12. Masahisa Fujita & Paul Krugman, 2003. "The new economic geography: Past, present and the future," Economics of Governance, Springer, vol. 83(1), pages 139-164, October.
    13. Gene M. Grossman & Elhanan Helpman, 1993. "Endogenous Innovation in the Theory of Growth," NBER Working Papers 4527, National Bureau of Economic Research, Inc.
    14. Lucas, Robert Jr., 1988. "On the mechanics of economic development," Journal of Monetary Economics, Elsevier, vol. 22(1), pages 3-42, July.
    15. Glaeser, Edward L & Hedi D. Kallal & Jose A. Scheinkman & Andrei Shleifer, 1992. "Growth in Cities," Journal of Political Economy, University of Chicago Press, vol. 100(6), pages 1126-52, December.
      • Edward L. Glaeser & Hedi D. Kallal & Jose A. Scheinkman & Andrei Shleifer, 1991. "Growth in Cities," NBER Working Papers 3787, National Bureau of Economic Research, Inc.
      • Glaeser, Edward Ludwig & Kallal, Hedi D. & Scheinkman, Jose A. & Shleifer, Andrei, 1992. "Growth in Cities," Scholarly Articles 3451309, Harvard University Department of Economics.
    16. Fujita, Masahisa & Thisse, Jacques-Francois, 1996. "Economics of Agglomeration," Journal of the Japanese and International Economies, Elsevier, vol. 10(4), pages 339-378, December.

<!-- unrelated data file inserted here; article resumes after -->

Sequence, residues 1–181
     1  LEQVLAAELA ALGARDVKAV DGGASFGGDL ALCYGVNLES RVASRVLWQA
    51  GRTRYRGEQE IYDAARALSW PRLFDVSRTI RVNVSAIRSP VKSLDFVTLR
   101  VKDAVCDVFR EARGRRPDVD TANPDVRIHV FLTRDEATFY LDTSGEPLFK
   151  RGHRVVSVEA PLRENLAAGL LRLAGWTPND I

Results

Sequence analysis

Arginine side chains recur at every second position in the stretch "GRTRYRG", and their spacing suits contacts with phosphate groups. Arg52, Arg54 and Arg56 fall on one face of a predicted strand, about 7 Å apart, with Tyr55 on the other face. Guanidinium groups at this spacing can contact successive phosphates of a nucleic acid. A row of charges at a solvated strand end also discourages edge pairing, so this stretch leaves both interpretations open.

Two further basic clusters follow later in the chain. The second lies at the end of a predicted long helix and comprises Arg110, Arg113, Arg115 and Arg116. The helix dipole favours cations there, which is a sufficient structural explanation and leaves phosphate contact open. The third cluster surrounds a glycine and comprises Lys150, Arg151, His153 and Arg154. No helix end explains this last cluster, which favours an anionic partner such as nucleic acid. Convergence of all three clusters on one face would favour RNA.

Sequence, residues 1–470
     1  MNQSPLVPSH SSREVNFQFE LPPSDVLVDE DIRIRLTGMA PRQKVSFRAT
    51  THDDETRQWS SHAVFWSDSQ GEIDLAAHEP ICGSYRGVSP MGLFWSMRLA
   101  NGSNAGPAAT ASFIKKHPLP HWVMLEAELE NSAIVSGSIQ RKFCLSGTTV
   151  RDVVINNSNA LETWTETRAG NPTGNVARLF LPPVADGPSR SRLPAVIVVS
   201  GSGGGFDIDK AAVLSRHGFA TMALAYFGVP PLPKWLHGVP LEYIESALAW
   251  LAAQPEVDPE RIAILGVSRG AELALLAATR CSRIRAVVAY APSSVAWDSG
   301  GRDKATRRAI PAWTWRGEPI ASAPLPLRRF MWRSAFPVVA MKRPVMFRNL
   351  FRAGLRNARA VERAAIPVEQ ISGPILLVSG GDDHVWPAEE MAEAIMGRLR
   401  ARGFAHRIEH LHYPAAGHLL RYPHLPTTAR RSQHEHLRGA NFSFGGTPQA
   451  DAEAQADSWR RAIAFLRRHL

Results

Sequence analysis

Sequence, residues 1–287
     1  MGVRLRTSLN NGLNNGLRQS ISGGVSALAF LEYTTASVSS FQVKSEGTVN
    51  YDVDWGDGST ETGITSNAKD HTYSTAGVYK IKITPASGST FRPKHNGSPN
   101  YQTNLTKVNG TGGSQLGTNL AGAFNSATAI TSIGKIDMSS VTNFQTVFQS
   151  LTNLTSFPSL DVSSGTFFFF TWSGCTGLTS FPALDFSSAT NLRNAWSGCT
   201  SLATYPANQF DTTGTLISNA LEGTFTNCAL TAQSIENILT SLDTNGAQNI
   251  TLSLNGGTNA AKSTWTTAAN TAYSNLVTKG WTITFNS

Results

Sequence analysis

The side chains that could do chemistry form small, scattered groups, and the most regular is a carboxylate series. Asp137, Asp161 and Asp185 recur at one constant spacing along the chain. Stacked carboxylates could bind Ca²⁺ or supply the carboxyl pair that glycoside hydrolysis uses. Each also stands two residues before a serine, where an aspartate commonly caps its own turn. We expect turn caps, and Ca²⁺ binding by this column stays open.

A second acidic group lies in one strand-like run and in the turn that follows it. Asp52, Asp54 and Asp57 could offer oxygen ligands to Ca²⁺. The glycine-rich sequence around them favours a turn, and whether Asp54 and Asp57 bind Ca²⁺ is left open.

17. Romer, Paul M, 1986. "Increasing Returns and Long-run Growth," Journal of Political Economy, University of Chicago Press, vol. 94(5), pages 1002-37, October.
    18. Venables, Anthony J, 1998. "The Assessment: Trade and Location," Oxford Review of Economic Policy, Oxford University Press, vol. 14(2), pages 1-6, Summer.
    19. Rietveld, Piet, 1994. "Spatial economic impacts of transport infrastructure supply," Transportation Research Part A: Policy and Practice, Elsevier, vol. 28(4), pages 329-341, July.
    20. Fujita, Masahisa & Mori, Tomoya, 2005. "Frontiers of the New Economic Geography," IDE Discussion Papers 27, Institute of Developing Economies, Japan External Trade Organization(JETRO).
    21. Fujita, Masahisa & Krugman, Paul & Mori, Tomoya, 1999. "On the evolution of hierarchical urban systems1," European Economic Review, Elsevier, vol. 43(2), pages 209-251, February.
    22. Audretsch, David B, 1998. "Agglomeration and the Location of Innovative Activity," Oxford Review of Economic Policy, Oxford University Press, vol. 14(2), pages 18-29, Summer.
    23. Paul Krugman, 1990. "Increasing Returns and Economic Geography," NBER Working Papers 3275, National Bureau of Economic Research, Inc.
    24. Aschauer, David Alan, 1989. "Is public expenditure productive?," Journal of Monetary Economics, Elsevier, vol. 23(2), pages 177-200, March.
    25. Barro, Robert J & Sala-i-Martin, Xavier, 1992. "Convergence," Journal of Political Economy, University of Chicago Press, vol. 100(2), pages 223-51, April.